Q    Do you have information for us on the status of Ukraine observers -- observers proceeding in Ukraine, or the status of IMF loans and the EU’s commitment?  Any calls to read out, any updates on Ukraine?

MR. CARNEY:  Well, I can tell you a few things.  As you know, Secretary Kerry was in Kyiv yesterday and is in Paris today talking with the Ukrainians, our allies and partners, and the Russians.  He also worked with the United Kingdom and Ukraine to hold a meeting of the signatories of the Budapest Memorandum, to which Russia was invited but chose not to attend.  As you know, that document reaffirms the obligation set out in the U.N. charter that signatories respect the territorial integrity and sovereignty of Ukraine.

And I expect Secretary Kerry -- either has just or will be, or is scheduled to meet with Foreign Minister Lavrov as well separately in Paris.  The President obviously has been in regular contact with allies and partners, as have other members of his national security team.  And we are working, as we noted yesterday, on a package of assistance to Ukraine that would complement an IMF effort.  But beyond the details we released yesterday, I don’t have anything new on that.  When it comes to the question of further action, sanctions and the like, we’re considering a range of options, but that work is still ongoing.

Q    Is that why Jake Sullivan is on the plane?

MR. CARNEY:  Jake Sullivan is a member of the national security team, a member of the President’s national security [team] advisor.  He’s the Vice President’s national security advisor.  And he’s traveling because it’s important to have a senior member of the national security team on board.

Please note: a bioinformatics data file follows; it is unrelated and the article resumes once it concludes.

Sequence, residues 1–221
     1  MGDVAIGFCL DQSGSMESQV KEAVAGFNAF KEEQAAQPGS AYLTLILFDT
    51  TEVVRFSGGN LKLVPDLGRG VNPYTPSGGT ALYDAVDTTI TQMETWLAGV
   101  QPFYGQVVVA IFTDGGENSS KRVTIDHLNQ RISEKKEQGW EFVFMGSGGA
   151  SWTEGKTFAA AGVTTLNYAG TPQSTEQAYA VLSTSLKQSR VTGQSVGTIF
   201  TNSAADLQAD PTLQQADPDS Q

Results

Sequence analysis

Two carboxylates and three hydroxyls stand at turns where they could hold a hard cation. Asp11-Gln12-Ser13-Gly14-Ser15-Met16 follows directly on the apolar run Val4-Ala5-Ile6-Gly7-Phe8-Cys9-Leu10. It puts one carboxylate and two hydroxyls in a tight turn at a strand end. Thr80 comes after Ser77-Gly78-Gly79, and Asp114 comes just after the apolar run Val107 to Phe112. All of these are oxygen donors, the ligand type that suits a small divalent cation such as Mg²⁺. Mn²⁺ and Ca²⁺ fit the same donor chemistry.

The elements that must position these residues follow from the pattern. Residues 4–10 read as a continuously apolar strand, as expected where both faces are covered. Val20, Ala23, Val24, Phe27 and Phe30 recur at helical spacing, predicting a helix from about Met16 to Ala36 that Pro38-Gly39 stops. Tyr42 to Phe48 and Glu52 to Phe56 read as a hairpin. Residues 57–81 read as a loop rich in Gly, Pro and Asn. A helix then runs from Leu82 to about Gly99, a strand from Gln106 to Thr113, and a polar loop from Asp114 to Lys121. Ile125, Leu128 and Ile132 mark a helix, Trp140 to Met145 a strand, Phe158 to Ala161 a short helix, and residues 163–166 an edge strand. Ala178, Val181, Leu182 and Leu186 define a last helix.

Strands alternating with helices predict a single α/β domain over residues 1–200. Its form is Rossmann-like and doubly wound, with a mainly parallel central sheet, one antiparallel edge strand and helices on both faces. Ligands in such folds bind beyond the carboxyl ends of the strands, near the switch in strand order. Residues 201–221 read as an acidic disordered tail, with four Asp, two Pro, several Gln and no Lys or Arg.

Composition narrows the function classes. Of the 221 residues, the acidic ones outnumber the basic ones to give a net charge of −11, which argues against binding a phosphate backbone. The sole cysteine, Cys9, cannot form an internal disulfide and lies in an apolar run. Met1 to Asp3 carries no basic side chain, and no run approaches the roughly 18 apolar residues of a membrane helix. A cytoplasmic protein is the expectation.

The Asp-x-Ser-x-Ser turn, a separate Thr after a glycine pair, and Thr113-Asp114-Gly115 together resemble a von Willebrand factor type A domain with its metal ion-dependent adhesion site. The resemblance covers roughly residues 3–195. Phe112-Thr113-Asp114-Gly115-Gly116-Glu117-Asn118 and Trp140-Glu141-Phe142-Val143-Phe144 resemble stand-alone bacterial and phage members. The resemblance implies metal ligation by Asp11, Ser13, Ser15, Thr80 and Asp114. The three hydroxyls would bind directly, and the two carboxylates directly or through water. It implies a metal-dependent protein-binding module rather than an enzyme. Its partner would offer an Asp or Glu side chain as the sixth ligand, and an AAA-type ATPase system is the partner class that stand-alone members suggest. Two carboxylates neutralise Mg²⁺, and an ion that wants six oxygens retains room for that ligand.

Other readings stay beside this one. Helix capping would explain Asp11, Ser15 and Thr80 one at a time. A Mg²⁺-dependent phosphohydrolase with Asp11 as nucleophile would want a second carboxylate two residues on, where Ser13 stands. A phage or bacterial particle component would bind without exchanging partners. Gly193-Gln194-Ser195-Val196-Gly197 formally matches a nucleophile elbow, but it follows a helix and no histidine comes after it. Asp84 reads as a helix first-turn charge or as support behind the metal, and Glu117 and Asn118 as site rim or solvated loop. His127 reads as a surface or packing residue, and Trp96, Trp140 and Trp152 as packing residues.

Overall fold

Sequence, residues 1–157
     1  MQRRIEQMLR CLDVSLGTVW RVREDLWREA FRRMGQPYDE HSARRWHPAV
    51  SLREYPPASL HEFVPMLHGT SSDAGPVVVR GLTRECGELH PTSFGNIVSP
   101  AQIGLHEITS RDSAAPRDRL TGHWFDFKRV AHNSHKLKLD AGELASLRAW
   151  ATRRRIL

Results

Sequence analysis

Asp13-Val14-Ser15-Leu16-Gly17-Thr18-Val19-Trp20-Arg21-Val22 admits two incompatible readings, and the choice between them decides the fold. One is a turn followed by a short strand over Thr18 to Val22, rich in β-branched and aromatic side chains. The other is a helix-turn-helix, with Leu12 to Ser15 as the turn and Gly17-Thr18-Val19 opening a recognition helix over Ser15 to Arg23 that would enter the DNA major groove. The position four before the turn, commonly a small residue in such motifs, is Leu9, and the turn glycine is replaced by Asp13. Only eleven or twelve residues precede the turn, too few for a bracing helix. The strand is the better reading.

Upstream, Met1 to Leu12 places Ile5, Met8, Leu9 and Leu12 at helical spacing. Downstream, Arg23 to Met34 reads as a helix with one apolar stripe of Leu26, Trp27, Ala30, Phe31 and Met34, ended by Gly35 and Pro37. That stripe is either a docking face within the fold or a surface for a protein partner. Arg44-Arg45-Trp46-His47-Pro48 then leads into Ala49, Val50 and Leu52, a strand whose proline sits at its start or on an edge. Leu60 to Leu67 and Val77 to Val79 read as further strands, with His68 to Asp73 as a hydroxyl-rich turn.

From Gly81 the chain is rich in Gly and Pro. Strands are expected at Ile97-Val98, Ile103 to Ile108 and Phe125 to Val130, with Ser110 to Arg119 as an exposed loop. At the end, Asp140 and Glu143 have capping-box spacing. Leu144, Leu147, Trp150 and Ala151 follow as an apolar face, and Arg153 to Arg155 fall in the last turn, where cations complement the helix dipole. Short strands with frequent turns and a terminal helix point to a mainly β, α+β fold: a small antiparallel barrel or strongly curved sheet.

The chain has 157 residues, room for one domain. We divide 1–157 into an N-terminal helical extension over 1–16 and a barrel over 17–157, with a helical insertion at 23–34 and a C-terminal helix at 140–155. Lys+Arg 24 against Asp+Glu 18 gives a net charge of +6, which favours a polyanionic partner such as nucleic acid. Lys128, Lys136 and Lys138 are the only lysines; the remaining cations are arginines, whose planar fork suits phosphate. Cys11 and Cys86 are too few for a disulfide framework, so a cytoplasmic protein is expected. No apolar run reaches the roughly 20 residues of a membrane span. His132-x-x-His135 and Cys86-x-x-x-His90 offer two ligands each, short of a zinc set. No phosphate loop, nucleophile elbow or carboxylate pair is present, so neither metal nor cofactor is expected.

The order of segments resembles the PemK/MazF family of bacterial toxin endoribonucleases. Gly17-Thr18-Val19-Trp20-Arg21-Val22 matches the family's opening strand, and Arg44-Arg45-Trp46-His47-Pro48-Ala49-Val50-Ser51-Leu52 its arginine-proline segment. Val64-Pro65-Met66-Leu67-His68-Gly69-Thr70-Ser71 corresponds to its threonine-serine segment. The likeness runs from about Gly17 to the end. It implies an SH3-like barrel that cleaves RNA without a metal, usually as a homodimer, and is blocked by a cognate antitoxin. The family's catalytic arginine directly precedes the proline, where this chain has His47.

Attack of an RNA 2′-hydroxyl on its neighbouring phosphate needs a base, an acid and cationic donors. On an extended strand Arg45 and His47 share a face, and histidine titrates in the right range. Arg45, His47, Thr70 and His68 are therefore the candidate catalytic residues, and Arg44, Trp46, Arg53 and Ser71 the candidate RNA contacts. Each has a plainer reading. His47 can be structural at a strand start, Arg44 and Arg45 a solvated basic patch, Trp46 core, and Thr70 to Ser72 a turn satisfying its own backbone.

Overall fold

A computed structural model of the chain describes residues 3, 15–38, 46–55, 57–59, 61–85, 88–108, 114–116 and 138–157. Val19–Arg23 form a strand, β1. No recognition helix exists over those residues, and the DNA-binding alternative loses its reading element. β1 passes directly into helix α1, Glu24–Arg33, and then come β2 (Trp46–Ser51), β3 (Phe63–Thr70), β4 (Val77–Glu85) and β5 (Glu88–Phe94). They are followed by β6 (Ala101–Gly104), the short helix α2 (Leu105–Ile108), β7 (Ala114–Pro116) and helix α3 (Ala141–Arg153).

Q    Okay, switching topics, could I quickly ask --

Q    Can I --

MR. CARNEY:  Sorry, same topic?

Q    Sort of.  One on that same topic, and then Israel is saying that they intercepted a shipment of arms that was headed to Gaza coming from Iran.  Does the White House have any comment on that?  And does this complicate negotiations with Iran over a long-term nuclear agreement?

MR. CARNEY:  I can confirm the reports that the Israeli government interdicted a suspected shipment of illicit Iranian arms.  The United States and Israel have had routine communications about this issue through intelligence and military channels, as well as through our national security advisors.  Soon after becoming aware of the imminent movement of [the] suspected vessel, the White House directed the Department of Defense to monitor the vessel and to develop concepts of operation for a range of options to be prepared to take unilateral steps if necessary.  This is part of the robust presence that the President has directed that we continue to maintain in and around the Gulf.